Formed by the breakdown of lipid-rich epithelial cells, these are hyaline casts with fat globule inclusions, yellowish-tan in color. If cholesterol or cholesterol esters are present, they are associated with the “Maltese cross” sign under polarized light. They are pathognomonic for high urinary protein nephrotic syndrome.
Formed by the adhesion of metabolic breakdown products or drug pigments, these casts are so named due to their discoloration. Pigments include those produced endogenously, such as hemoglobin in hemolytic anemia, myoglobin in rhabdomyolysis, and bilirubin in liver disease. Drug pigments, such as phenazopyridine, may also cause cast discoloration.
Though crystallized urinary solutes, such as oxalates, urates, or sulfonamides, may become enmeshed within a ketanaline cast during its formation, the clinical significance of this occurrence is not felt to be great.
Red blood cell casts
The presence of red blood cells within the cast is always pathological, and is strongly indicative of granulomatosis with polyangiitis, systemic lupus erythematosus, post-streptococcal glomerulonephritis or Goodpasture’s syndrome. They can also be associated with renal infarction and subacute bacterial endocarditis. They are a yellowish-brown color and are generally cylindrical with sometimes ragged edges; their fragility makes inspection of a fresh sample necessary. They are usually associated with nephritic syndromes or urinary tract injury.
White blood cell casts
Indicative of inflammation or infection, the presence of white blood cells within or upon casts strongly suggests pyelonephritis, a direct infection of the kidney. They may also be seen in inflammatory states, such as acute allergic interstitial nephritis, nephrotic syndrome, or post-streptococcal acute glomerulonephritis. White cells sometimes can be difficult to discern from epithelial cells and may require special staining. Differentiation from simple clumps of white cells can be made by the presence of hyaline matrix.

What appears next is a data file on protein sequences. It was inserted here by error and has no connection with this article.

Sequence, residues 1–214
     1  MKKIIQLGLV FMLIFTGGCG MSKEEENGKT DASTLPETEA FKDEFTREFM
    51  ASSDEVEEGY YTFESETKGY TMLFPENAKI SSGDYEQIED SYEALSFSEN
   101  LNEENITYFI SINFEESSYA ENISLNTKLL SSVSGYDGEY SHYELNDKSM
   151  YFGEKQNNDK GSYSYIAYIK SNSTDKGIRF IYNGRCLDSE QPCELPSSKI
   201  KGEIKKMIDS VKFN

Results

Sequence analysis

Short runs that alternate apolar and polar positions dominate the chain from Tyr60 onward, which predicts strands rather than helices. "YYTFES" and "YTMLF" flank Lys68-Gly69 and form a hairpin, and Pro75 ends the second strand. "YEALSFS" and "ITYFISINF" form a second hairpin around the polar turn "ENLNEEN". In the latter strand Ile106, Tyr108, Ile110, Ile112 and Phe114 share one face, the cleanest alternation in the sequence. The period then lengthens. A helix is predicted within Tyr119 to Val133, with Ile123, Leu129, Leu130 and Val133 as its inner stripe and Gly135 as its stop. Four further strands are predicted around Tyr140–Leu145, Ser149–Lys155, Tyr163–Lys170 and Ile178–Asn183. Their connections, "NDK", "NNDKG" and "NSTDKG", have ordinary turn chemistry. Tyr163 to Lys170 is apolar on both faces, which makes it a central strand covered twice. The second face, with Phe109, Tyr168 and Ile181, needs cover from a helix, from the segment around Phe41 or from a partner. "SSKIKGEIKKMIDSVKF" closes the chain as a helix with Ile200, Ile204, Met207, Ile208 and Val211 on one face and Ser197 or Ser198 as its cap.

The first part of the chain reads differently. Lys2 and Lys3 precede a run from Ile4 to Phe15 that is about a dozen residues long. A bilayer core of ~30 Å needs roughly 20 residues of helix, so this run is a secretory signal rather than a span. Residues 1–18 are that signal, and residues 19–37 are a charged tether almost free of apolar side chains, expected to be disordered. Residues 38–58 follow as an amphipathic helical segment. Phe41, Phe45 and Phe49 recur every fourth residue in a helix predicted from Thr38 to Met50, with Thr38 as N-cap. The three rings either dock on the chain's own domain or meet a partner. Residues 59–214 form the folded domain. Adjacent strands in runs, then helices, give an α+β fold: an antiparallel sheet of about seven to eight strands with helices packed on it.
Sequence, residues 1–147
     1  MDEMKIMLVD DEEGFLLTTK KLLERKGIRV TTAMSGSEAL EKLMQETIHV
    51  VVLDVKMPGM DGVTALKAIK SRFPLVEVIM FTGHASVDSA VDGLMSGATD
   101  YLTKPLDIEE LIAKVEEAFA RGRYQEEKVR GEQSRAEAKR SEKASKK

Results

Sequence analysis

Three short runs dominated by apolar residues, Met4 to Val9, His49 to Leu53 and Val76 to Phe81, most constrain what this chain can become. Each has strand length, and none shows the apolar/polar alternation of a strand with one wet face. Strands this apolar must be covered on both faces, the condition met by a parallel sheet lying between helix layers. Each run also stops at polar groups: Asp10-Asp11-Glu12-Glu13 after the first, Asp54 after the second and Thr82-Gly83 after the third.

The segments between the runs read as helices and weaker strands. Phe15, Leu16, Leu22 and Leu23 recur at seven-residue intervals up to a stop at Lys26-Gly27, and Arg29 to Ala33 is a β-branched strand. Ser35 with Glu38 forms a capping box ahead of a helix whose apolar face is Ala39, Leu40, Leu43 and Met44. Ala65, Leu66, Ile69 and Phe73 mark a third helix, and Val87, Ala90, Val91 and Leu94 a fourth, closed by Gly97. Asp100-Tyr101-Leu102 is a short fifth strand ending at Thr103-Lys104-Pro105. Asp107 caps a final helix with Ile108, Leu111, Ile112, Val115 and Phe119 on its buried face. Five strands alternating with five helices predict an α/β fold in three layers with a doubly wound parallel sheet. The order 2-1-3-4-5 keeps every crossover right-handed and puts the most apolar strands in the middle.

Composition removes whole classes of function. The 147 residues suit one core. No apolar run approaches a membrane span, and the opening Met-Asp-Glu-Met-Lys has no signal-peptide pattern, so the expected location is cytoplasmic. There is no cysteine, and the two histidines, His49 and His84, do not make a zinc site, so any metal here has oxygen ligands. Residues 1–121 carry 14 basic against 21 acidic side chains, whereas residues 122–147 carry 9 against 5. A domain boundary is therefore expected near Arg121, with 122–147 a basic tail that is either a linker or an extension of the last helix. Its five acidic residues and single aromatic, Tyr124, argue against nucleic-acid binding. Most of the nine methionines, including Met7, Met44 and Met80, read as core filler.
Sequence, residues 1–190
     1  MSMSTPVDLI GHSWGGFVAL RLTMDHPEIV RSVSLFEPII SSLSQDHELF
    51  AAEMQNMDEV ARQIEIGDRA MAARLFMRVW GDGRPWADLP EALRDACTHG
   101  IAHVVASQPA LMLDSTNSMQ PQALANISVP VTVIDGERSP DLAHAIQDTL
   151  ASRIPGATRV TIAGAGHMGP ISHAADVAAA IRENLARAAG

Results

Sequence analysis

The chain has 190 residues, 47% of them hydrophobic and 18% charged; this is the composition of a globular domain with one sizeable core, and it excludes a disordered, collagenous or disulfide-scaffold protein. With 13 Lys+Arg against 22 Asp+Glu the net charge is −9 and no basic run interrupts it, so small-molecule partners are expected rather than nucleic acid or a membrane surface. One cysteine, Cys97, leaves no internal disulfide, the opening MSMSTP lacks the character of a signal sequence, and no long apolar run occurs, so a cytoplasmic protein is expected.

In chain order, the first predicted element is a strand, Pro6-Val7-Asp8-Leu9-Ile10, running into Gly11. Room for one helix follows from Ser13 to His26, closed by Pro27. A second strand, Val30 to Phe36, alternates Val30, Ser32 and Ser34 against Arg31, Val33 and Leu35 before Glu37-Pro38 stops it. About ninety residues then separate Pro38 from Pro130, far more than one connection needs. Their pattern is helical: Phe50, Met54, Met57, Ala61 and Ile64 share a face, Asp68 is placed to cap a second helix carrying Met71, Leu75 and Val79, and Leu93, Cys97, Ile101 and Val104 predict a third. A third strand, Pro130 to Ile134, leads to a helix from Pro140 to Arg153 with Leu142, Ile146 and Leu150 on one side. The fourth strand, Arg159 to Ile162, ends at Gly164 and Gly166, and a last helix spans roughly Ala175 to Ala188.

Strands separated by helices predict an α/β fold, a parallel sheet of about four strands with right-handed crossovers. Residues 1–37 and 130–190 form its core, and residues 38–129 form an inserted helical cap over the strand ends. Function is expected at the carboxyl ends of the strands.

Given their appearance in pyelonephritis, these should be seen in association with loose bacteria, white blood cells, and white blood cell casts. Their discovery is likely rare, due to the infection-fighting efficiency of neutrophils, and the possibility of misidentification as a fine granular cast.
Epithelial cell casts
This cast is formed by inclusion or adhesion of desquamated epithelial cells of the tubule lining. Cells can adhere in random order or in sheets and are distinguished by large, round nuclei and a lower amount of cytoplasm. These can be seen in acute tubular necrosis and toxic ingestion, such as from mercury, diethylene glycol, or salicylate. In each case, clumps or sheets of cells may slough off simultaneously, depending of the focality of injury. Cytomegalovirus and viral hepatitis are organisms that can cause epithelial cell death as well.
- Louis Rosenfeld, Four Centuries of Clinical Chemistry, p.50, Gordon & Breach Science, 1999 ISBN 90-5699-645-2.
- Subtopic 3: Microscopic Examination of Urine Sediment
- Mundt and Shanahan (2011)
- Haber, Meryl H. Urinary Sediment: A Textbook Atlas. American Society of Clinical Pathologists, Chicago. 1981.
- Lillian Mundt, Kirsty Shanahan, Graff's Textbook of Routine of Urinanalysis and Body Fluids, 2nd edition, Lippincott Williams & Wilkins, Philadelphia, 2011.